tippling 2018/03/07 chronology

John Loftus: Christianity in the Light of Science

The Exodus Debunked: Camels


(Patheos::ATP) – Jonathan MS Pearce:

The Exodus account is one of the key stories of the Bible, creating a foundation upon what so much else in the Bible is built. Without the truth of the Exodus, the truth of Moses, the Mosaic Law and any number of other claims are brought into suspicion.

Previously, I have shown you the ridiculous notion of the Exodus account.

I am going to revisit this subject with a number of articles, this first one concerning camels. There are several anachronisms in the Bible and this is a major example. …

tippling 2018/03/02 camels

Moses parts the Sea

None of This Really Happened


(Patheos::Godless in Dixie) – Neil Carter:

Everything that happened in the first five books of the Bible is pure fiction. And the next few books don’t get much better. They are stories made up to teach lessons and to provide some kind of political basis for competing factions of ancient Israel, quarrels which no longer mean anything to us today but leave us with the mistaken impression that this people group existed many centuries before it actually did. …

godlessindixie none-really-happened

Malmesbury Bible

Ten Commandments That Would Have Changed the World


( – Valerie Tarico:

For two millennia, or maybe three if the Old Testament stories are rooted in history, people who sincerely believe the Ten Commandments to be the apogee of divine guidance have been doing things like pillaging, slaughtering other species, burning books and witches and infidels, owning sex slaves, beating children, conquering heathens, and generally deciding who counts and who doesn’t based on gender hierarchy, religion, and tribal boundaries. Imagine how radically different Western history might have been if the Ten Commandments went something like this:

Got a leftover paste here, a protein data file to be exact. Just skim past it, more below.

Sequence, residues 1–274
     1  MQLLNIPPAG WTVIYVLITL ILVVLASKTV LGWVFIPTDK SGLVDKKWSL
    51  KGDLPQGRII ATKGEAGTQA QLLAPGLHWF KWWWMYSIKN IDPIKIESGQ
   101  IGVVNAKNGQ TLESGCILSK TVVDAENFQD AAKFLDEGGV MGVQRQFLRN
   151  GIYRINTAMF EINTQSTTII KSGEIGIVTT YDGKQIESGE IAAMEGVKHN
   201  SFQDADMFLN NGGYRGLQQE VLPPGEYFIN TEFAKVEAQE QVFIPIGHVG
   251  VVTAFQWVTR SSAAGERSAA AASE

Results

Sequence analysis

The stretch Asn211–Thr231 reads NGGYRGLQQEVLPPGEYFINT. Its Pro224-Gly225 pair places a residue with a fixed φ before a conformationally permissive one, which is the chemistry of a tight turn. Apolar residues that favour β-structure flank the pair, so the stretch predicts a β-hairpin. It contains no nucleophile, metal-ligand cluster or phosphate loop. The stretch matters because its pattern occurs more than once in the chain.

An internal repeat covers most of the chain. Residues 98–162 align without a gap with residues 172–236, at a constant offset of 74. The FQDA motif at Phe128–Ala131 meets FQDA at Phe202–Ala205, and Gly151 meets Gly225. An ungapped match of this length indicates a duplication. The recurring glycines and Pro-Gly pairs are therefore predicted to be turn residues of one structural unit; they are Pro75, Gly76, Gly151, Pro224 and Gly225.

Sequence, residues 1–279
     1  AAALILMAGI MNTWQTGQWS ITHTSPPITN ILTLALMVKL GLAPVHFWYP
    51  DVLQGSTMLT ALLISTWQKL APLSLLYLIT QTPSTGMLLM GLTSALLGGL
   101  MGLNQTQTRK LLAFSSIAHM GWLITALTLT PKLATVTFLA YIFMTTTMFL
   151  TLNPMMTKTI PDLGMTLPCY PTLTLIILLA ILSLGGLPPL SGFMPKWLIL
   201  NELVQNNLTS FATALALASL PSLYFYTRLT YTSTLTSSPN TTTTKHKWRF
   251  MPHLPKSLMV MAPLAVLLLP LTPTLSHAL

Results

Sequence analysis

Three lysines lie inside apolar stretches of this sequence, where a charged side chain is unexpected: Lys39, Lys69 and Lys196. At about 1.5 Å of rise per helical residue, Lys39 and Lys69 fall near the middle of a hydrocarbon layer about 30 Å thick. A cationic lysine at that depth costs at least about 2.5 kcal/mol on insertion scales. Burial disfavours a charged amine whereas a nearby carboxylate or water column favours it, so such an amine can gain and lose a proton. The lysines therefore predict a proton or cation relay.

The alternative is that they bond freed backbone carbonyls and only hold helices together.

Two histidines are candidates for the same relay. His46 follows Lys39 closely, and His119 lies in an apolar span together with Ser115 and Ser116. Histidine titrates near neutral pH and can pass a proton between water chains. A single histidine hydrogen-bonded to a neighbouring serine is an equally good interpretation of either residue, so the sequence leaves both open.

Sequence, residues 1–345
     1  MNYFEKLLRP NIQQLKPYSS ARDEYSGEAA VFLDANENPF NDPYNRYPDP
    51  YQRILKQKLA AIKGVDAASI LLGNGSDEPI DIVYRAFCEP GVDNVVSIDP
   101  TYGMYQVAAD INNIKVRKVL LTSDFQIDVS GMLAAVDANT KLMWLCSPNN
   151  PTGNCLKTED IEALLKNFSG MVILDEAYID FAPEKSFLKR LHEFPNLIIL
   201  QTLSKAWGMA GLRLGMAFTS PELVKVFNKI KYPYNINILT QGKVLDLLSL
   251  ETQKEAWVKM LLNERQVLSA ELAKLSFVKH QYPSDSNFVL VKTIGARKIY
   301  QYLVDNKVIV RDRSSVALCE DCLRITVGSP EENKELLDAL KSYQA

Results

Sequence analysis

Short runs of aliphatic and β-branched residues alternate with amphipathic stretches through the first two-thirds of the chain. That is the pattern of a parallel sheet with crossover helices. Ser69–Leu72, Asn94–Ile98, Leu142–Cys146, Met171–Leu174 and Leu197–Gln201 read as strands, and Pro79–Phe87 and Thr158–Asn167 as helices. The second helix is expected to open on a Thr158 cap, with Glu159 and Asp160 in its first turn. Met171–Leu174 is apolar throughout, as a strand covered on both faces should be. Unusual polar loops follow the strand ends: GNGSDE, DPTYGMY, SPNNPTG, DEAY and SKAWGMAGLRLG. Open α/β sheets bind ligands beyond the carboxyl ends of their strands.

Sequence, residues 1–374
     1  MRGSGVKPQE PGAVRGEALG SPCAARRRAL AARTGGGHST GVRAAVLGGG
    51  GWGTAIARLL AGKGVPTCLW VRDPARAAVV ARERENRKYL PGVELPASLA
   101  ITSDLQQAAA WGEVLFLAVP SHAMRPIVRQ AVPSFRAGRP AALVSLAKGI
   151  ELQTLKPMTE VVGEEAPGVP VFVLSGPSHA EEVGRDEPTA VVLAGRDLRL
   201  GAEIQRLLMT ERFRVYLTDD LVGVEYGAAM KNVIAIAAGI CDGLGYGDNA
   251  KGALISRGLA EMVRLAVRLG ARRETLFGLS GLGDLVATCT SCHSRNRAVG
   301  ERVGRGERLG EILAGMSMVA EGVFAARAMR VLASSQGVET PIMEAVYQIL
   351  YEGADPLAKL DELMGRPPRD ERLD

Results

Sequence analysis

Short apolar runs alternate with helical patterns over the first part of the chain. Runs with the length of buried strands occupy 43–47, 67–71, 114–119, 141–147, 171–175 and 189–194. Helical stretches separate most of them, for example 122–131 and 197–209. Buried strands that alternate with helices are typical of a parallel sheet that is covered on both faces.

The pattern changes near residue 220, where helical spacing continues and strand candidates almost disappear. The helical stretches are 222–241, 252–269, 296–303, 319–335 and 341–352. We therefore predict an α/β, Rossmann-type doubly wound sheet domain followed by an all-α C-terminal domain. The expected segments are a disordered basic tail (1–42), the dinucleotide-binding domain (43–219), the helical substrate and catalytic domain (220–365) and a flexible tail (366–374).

1. This above all shall ye take as my first command: Thou shalt treat living beings as they want to be treated. And the second commandment is like unto it:
  2. In as much as be possible, thou shalt avoid afflicting pain or sorrow, which shall be unto thee my signs of ill and evil.
  3. Thou shalt honor and protect all of creation, for I the LORD have created it that thy days may be long upon the land which the Lord thy God giveth thee.
  4. Thou shalt have sexual relations with neither human nor beast who chooseth not freely what pleasures thou mayest offer.
  5. Thou shalt not beat the child, but by admonition and instruction with kindness shall teach both wisdom and skill.
  6. Thou shalt do unto members of other religions and tribes as thou dost unto thine own.
  7. I, the LORD your God, forbid thee to own other persons be they woman, man or child; neither shall ye subject any gender nor race one to another, but shall honor my image in all.
  8. Thou shalt not destroy the lands of thine enemies, nor poison their well, nor salt their earth, neither shalt thou cut their shade tree nor burn their vineyard, nor wantonly slaughter the beast of their field.
  9. Thou shalt wash thy hands before eating and shalt boil the drinking water that has been defiled by man or beast.
  10. Thou shalt ask the questions that can show thee wrong, so that through the toil of many, from generation unto generation, ye may come to discover the great I AM.

This list of Ten Commandments would have changed the course of history. Think Crusades, or the Inquisition, or Salem, or the American Holocaust, or the slave trade, or Northern Ireland, or the Iraq War.

It would have changed history despite the fact that it is seriously flawed. Some points are redundant. Important concepts are missing. The thoughtful reader will immediately notice gaps or think of improvements. And that, precisely, is my point. People with their brains engaged and moral intuitions intact can do better. …

valerietarico 2014/06/19 ten-commandments

Rembrandt: Moses with the Ten Commandments